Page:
I’d like to begin this post with a comment I heard as we were leaving this session. A voice behind me said, "I wish I'd heard this talk when I was just starting out." Emily Mitchell's session, "The People In Your Neighborhood," was a useful, insightful peek into the roles of the various individuals at a publishing house who each play a part in bringing our books to life.
We learned that the first group at the publishing house to receive a manuscript is Editorial. The first person to read it will usually be an editorial assistant or intern, and if it makes it to an editor who likes and wants to publish it, that editor will make the case for the book with Sales and Marketing at the launch meeting.
Once it has been decided that they are really interested in the book, the sponsoring editor contacts the author to discuss it. This may be the first time the author hears from the editor, even though she or he may have been interested in the book for quite some time. The editor is the author’s ally, the one who has been promoting the book internally throughout the process.
Design joins in with Editorial to choose an illustrator. Design works out the details like trim size and fonts. When the illustrations are finished and the design is all set, Production coordinates printing and tracks the shipment of the finished books.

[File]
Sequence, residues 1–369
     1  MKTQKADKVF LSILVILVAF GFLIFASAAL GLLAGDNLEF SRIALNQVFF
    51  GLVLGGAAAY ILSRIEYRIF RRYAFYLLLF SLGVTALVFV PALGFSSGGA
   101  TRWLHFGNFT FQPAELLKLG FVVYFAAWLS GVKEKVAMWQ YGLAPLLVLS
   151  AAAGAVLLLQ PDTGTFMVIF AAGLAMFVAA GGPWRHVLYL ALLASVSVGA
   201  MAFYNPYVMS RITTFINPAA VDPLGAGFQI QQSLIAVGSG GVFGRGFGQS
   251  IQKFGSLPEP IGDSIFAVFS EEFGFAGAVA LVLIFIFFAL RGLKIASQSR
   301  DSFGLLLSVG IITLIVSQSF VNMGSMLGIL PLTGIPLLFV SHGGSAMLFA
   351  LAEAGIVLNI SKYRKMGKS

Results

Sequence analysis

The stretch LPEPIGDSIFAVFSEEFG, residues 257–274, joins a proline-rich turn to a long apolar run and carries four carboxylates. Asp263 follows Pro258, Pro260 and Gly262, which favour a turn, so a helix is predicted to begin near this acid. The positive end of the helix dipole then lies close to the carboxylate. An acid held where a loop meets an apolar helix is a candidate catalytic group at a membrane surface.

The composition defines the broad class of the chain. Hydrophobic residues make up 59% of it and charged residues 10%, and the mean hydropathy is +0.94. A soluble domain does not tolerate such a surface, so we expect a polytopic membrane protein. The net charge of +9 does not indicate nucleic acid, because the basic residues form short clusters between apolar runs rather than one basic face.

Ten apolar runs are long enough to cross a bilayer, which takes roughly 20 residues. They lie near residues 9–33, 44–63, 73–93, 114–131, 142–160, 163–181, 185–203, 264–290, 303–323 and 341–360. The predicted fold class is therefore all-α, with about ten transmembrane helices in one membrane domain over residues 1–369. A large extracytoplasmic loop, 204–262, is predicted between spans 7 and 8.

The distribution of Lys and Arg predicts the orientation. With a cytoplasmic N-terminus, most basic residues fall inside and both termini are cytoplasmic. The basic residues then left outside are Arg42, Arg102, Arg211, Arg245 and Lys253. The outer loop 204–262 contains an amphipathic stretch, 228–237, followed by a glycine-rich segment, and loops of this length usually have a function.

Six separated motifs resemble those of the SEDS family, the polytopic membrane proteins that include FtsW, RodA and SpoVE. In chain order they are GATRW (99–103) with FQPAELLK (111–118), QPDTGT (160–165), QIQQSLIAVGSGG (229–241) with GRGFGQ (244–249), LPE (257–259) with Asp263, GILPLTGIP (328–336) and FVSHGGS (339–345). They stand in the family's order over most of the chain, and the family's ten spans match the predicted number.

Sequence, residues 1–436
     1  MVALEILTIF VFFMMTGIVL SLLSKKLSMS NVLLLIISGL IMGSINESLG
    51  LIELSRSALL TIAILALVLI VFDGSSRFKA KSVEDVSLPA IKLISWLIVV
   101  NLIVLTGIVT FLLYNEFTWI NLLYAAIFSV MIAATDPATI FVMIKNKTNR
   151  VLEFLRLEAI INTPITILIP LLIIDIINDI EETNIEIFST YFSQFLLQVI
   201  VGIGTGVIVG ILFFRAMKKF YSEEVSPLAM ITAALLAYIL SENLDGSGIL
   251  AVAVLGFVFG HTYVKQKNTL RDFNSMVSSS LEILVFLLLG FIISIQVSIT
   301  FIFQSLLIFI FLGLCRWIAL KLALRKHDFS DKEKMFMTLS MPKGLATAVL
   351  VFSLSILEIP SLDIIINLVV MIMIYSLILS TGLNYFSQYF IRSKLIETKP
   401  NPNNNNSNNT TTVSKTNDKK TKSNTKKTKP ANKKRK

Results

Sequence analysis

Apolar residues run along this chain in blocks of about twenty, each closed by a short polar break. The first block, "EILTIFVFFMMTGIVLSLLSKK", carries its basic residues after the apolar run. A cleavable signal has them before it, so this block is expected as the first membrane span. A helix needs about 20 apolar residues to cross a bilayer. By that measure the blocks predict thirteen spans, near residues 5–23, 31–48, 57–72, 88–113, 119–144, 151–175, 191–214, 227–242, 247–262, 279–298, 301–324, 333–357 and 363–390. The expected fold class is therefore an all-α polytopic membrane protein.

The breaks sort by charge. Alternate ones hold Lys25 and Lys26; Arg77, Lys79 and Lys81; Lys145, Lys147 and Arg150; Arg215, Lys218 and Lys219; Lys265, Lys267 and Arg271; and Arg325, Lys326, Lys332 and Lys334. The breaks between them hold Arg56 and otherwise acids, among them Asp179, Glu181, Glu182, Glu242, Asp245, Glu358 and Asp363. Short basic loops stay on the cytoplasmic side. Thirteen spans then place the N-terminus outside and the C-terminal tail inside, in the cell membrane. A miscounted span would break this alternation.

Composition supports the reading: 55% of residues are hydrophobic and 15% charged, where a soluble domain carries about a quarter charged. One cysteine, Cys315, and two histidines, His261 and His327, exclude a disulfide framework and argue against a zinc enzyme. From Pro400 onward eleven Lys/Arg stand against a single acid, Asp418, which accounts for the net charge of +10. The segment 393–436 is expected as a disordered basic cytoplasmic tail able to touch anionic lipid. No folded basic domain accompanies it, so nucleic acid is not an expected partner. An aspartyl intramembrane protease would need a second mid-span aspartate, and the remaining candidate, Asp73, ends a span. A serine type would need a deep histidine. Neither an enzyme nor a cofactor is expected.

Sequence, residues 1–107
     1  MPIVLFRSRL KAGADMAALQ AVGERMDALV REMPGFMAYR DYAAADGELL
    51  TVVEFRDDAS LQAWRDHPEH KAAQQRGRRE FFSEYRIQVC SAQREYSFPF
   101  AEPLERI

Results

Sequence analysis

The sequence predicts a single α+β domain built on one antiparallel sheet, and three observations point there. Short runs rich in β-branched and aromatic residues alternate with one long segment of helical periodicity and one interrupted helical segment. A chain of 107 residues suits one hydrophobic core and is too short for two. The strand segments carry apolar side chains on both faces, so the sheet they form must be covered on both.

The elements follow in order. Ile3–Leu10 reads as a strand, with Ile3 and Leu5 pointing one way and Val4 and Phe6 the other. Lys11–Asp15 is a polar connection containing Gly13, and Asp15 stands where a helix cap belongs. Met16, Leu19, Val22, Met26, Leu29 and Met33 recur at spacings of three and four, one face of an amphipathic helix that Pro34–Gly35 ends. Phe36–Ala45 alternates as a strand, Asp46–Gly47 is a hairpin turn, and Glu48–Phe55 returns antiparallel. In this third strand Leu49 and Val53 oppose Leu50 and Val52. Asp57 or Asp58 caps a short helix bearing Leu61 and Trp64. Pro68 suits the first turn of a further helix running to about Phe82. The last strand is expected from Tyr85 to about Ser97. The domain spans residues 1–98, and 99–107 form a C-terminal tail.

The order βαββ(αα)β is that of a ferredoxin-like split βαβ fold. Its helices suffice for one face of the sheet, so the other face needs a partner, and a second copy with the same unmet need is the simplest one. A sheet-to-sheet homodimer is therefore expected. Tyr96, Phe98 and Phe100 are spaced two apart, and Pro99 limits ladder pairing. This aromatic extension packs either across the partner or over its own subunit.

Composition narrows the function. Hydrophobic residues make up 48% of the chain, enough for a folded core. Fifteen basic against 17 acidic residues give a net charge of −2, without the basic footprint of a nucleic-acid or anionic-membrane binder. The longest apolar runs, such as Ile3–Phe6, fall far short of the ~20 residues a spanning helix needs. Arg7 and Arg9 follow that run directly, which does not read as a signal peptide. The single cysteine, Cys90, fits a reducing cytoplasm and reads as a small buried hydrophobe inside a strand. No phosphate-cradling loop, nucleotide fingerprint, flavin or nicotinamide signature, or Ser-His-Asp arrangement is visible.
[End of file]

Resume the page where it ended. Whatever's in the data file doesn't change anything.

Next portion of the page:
Meanwhile, promotions are tackled by Sales & Marketing. Sales reps visit stores, schools and libraries. Marketing looks into subsidiary rights opportunities such as toys and translations for foreign countries. It’s not good to leave all the promotion to the publisher, though. You can really help promote your own book, and in many cases the publisher will help you. Consider book signings and school visits. Make sure you have a website and include links to booksellers who are selling your book. And don’t forget social media – there are numerous opportunities to promote your book in that way, even before actual publication.